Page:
Since the nose is the most exposed feature of the face, it is natural that it bears the brunt of injuries, which accounts for the comparative frequency of nasal deformities as they are commonly seen. I am convinced that a large percentage of these deformities are results of traumas received in childhood at a time when the nasal structure is still incompletely developed. It is furthermore my opinion that a great many of these childhood injuries are unrecognized and untreated for reasons which will be elaborated a little later. A review of the case histories of 1,135 consecutive patients seen in private practice seeking nasal plastic procedures reveals the interesting fact that 323, or 28 per cent, gave a definite history of having sustained an injury to the nose in childhood. The actual percentage is undoubtedly much higher, since it is easily conceivable that in many cases the trauma was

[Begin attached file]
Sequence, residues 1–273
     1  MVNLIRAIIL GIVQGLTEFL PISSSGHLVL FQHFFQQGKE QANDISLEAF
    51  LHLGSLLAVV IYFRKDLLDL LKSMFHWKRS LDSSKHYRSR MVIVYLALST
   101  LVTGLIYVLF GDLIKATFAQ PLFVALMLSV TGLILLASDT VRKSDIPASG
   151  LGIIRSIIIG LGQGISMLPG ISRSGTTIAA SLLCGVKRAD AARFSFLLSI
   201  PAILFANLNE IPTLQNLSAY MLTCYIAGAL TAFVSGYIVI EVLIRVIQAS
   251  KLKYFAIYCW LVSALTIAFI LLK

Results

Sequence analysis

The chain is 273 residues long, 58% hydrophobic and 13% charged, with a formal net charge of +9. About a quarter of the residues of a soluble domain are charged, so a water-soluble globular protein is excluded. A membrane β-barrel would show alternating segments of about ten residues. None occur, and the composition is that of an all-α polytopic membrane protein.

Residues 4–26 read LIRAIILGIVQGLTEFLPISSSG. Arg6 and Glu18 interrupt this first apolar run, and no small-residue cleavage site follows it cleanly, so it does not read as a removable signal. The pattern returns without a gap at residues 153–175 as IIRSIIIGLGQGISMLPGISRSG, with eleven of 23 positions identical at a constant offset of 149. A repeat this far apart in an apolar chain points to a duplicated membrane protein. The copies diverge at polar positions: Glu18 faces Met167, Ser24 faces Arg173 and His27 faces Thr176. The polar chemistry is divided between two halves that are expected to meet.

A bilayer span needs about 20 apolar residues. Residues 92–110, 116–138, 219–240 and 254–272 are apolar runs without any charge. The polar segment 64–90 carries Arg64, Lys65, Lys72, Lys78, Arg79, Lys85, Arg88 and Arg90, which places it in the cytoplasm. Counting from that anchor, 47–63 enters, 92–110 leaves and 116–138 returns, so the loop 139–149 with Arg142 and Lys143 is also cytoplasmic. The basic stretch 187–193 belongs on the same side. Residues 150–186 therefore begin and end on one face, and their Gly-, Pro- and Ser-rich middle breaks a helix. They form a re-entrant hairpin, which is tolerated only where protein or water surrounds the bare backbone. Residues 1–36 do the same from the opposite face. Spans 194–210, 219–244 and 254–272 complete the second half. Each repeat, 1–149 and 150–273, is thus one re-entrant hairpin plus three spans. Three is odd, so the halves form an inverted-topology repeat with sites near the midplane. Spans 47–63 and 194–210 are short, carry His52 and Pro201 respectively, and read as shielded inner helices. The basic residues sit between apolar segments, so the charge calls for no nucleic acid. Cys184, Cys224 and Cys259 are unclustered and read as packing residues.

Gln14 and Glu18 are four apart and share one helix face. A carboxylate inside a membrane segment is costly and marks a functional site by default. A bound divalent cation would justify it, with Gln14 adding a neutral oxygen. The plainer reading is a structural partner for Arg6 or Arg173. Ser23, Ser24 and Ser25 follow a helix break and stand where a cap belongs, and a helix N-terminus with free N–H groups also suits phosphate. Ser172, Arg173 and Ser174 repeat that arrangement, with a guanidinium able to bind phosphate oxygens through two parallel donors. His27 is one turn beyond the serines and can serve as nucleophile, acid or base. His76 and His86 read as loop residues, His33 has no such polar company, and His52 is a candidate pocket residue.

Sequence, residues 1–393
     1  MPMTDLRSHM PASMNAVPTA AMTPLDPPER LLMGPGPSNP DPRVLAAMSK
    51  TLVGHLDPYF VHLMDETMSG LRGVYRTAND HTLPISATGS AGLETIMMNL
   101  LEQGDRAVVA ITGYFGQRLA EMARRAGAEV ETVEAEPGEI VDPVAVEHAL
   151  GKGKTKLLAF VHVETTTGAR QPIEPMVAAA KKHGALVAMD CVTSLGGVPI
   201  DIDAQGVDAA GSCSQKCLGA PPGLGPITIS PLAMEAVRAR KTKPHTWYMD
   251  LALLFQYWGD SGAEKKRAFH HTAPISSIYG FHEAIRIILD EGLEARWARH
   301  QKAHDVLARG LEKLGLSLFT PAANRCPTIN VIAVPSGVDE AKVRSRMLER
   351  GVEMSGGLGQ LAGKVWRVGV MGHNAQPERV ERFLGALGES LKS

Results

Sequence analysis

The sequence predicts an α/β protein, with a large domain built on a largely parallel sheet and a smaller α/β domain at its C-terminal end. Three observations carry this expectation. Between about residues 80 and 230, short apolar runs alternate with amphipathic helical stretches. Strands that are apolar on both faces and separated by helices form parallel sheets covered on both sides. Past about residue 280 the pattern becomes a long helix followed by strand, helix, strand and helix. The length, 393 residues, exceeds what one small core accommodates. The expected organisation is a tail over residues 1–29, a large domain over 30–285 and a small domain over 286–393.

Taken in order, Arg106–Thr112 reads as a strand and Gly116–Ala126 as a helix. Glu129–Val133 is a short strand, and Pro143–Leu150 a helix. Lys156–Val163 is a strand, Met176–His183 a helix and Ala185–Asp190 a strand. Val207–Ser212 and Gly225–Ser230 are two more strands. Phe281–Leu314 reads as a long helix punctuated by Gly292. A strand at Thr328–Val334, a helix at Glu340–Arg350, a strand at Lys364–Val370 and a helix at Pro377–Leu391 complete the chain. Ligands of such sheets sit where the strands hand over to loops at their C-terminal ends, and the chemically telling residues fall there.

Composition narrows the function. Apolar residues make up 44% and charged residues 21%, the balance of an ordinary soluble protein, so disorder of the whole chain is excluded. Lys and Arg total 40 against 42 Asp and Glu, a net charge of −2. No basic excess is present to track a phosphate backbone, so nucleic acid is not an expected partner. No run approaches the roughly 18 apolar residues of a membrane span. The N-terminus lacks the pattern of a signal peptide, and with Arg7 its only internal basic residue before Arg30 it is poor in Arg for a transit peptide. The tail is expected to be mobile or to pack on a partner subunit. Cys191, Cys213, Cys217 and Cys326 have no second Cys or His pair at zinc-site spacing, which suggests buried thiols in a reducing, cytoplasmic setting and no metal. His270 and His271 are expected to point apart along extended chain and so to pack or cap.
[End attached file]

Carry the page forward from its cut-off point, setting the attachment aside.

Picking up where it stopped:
SALINGER S. INJURIES TO THE NOSE IN CHILDREN: DIAGNOSIS AND TREATMENT. Arch Otolaryngol. 1941;34(5):936–951. doi:10.1001/archotol.1941.00660041010005
Coronavirus Resource Center
Customize your JAMA Network experience by selecting one or more topics from the list below.
Create a personal account or sign in to: